I’d wandered into the doctor’s office with a little cough and in a complete malaise a few days before. I hadn’t done anything for weeks besides rise from bed, work, eat lunch, work, and fall right back into bed. A short trip to the x-ray room resulted in a cat scan the next day. After that, I waited in a small lobby by myself. A phone rang. The nurse at the desk outside the lobby pointed at a phone in the corner and said, “That’s for you.” I picked up the phone and a voice on the other end informed me that I needed to check into the hospital immediately. A quick trip to McDonald’s later, I admitted myself.

As it turns out, I had developed blood clots in both lungs as a result of deep vein thrombosis. Rather miraculously, the clots hadn’t clogged any veins completely, and hence I wasn’t in dire pain. They had, however, day by day reduced the supply of oxygen to the rest of my body, hence the severe malaise. I’d lucked out. Apparently DVT most often presents as intense pain followed by a stroke, or if you’re really unlucky, you just fall over as a result of a stroke with no warning at all. If you do survive, the treatment is to take blood thinners, well, forever. Sooner rather than later, you’ll find out that blood thinners are actually the same chemical that’s used in rat poison. I won’t belabor you with the gruesome fate of the poor little rodent on this stuff. Medical professionals seem to agree that once you’ve thrown clots, you’re more likely to do it again. I’m not sure if that’s causation or correlation, and I’m not sure they know either, since they’ll let you quit taking blood thinners without throwing a hissy the first time around. I’m aware of quite a few people that did in fact, quit taking blood thinners.

Here’s where this all becomes pertinent to the engineering crowd. If you’re doing long-haul plane flights to Asia or Europe, this applies directly to you. DVT can be caused by just sitting. That’s right; all you have to do is sit for fourteen hours. The blood in your legs can begin to pool near your feet after a while and if you’re unlucky, from there it can form clots that travel back into the rest of your system.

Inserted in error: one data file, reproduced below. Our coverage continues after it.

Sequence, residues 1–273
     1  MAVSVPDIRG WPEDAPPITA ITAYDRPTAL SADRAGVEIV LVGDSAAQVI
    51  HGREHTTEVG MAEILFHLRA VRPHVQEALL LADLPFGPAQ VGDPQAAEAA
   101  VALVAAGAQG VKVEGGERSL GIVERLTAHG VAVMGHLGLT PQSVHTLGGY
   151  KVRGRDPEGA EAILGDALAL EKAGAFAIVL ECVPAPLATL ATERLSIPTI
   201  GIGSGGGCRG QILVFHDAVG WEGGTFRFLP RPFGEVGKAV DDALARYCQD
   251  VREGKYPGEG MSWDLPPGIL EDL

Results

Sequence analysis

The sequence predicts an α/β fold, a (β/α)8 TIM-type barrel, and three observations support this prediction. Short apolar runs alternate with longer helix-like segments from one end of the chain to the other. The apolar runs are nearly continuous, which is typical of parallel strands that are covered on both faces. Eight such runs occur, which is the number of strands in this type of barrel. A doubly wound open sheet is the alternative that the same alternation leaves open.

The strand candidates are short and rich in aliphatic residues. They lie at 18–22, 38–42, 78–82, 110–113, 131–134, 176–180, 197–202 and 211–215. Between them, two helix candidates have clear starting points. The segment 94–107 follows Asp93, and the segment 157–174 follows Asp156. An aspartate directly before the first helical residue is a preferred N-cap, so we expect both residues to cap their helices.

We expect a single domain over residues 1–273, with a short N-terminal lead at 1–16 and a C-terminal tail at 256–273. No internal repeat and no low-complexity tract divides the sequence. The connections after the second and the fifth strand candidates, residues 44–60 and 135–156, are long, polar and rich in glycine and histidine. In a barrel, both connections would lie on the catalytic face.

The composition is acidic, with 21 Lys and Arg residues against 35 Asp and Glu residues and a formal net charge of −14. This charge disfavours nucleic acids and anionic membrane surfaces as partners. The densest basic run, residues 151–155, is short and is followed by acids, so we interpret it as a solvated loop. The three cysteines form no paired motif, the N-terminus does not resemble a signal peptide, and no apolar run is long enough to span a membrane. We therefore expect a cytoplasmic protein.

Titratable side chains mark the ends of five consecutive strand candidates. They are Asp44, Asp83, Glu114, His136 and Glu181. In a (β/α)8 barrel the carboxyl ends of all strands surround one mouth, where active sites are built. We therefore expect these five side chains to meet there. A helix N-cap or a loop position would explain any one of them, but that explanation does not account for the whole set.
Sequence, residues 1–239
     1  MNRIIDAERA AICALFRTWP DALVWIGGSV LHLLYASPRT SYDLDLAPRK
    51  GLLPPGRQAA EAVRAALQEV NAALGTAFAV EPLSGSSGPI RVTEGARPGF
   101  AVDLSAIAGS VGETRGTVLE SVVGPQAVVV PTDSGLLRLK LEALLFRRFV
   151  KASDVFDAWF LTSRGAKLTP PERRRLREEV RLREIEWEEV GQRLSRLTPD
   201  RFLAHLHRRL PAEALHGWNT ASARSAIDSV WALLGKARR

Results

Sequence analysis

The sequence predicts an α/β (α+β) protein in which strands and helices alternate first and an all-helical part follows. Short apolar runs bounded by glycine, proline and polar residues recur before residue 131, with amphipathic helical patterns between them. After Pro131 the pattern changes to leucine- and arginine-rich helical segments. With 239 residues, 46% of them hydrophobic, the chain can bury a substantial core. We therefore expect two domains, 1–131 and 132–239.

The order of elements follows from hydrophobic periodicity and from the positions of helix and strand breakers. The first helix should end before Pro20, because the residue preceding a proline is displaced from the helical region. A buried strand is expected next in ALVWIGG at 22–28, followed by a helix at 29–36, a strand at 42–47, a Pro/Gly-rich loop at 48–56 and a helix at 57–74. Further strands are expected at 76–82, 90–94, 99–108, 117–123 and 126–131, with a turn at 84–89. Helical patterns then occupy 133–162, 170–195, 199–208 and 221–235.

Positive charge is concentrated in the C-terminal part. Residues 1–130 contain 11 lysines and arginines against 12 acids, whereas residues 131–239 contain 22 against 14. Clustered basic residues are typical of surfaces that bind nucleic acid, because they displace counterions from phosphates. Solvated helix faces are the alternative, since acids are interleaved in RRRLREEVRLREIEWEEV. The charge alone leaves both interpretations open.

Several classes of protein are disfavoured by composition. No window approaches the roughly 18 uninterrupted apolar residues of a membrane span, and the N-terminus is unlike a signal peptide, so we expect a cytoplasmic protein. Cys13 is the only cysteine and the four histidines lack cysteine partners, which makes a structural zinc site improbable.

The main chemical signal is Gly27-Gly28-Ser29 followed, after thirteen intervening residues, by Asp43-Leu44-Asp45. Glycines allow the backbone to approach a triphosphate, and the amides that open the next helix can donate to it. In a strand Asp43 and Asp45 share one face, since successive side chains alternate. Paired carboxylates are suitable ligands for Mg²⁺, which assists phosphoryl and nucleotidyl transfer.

It turns out, there is a simple way to sidestep the issue. Just get up and walk around the plane every two hours. That’s it! A bi-hourly little stroll around the jetliner will increase blood flow and eliminate the issue. Sure, sure, it seems fun to nip at those little travel wine bottles until you nod off to sleep and wake up in India, but it can kill you in the end.

Fast forward back to January. Needless to say, I quit taking blood thinners about six years ago. Causation? Correlation? I guess it doesn’t matter. This time I wasn’t as lucky. I threw another clot, seemingly at random and this one was malicious enough to completely close a vein in my stomach. About 12 hours after I finally got ahold of some morphine, I was wheeled into surgery where I unceremoniously was relieved of two feet of my small intestine. Those who remember high school biology know that we all easily have two feet to spare. A few weeks later I emerged from the hospital thirty pounds lighter and frankly, more than a little useless…

It’s all good now though. I’m up and around and having a big old time. Oh yeah, and I’m taking blood thinners religiously. Just remember, get up and wander around the plane!